In the wild, there are less than 4,000 people of this species. The International Union for the Conservation of Nature (IUCN) has called the species “extremely endangered.”
The snow leopard is a huge cat found in the mountains of Central and South Asia. Due to their isolated location and elusiveness, these beautiful cats are difficult to examine. Snow Leopard Trust trap cameras took more than one million pictures to help save the species. This is how they did it:
I hear a chuff as a snow leopard approaches me. “How could you come so near to me without my knowledge?” he asked, his eyes broad and wide. They overestimate their invisibility. A ribbon-like turn and he was gone, “says Koustubh Sharma of the Snow Leopard Trust. But those trap cameras use heat and motion sensors. So they photograph more than just the elusive leopards. Imagine sorting through hundreds of thousands of photos by hand.
So here comes the AI. A new Microsoft AI solution is speeding up the research team’s procedure. According to Microsoft News, the system can sift through hundreds of thousands of photos in minutes. Sharma remarked, “You’re practically allowing snow leopards to snap selfies.” To save them, you need to know where they are and how many there are. But occasionally, you end up with thousands of irrelevant images. That’s where AI comes in. “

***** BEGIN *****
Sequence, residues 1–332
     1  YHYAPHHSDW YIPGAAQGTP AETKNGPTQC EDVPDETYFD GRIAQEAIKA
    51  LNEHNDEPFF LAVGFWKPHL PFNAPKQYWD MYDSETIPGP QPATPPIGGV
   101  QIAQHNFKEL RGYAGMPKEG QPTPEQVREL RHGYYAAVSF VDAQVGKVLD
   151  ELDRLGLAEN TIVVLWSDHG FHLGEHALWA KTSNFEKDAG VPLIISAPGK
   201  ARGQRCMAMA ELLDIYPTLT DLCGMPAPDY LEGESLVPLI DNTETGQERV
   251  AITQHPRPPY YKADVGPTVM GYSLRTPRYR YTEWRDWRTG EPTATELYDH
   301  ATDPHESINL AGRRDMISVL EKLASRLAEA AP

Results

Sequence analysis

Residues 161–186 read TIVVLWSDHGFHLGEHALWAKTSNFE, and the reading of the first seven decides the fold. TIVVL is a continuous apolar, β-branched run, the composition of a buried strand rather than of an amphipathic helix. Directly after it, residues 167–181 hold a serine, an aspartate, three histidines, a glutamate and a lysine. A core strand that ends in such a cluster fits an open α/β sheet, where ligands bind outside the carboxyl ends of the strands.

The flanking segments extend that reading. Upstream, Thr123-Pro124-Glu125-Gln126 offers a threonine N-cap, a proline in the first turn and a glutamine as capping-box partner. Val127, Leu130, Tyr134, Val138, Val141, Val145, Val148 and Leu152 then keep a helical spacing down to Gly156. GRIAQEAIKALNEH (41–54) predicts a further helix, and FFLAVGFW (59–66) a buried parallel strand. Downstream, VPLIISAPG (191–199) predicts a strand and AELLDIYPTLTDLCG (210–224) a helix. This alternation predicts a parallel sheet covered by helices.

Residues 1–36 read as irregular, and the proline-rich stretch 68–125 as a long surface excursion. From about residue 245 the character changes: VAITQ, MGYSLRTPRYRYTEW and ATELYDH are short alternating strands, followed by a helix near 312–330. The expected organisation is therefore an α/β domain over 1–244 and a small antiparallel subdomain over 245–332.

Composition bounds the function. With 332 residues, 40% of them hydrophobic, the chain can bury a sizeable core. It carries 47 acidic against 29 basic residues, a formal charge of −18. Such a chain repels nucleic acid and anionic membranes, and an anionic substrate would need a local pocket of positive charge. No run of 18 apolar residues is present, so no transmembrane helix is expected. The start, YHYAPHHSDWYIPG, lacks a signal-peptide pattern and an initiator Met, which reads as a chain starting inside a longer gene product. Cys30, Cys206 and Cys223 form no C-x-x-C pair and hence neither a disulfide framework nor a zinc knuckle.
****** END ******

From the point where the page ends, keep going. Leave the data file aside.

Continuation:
The developing developers hope the technology can soon identify a single person from images. “Is the snow leopard in Picture 1,240 the same as in Picture 1,000,240?” How do you connect these images? The current method is laborious and error-prone, and adding photos is like putting pieces into a 40,000-piece jigsaw puzzle. “We expect deep learning can help us locate matches,” said Mark Hamilton, the model’s creator.
Scientists need knowledge about the species to save the snow leopard. So they need lots of images. “More research,” Sharma says. “AI can help us estimate global snow leopard populations.” Watch the video below: